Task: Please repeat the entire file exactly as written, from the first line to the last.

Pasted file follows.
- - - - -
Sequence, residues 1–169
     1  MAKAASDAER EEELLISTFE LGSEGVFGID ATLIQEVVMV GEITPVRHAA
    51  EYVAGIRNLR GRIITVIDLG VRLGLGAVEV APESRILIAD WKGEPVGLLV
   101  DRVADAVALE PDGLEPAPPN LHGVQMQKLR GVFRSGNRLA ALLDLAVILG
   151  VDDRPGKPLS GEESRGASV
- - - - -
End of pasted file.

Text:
Sequence, residues 1–169
     1  MAKAASDAER EEELLISTFE LGSEGVFGID ATLIQEVVMV GEITPVRHAA
    51  EYVAGIRNLR GRIITVIDLG VRLGLGAVEV APESRILIAD WKGEPVGLLV
   101  DRVADAVALE PDGLEPAPPN LHGVQMQKLR GVFRSGNRLA ALLDLAVILG
   151  VDDRPGKPLS GEESRGASV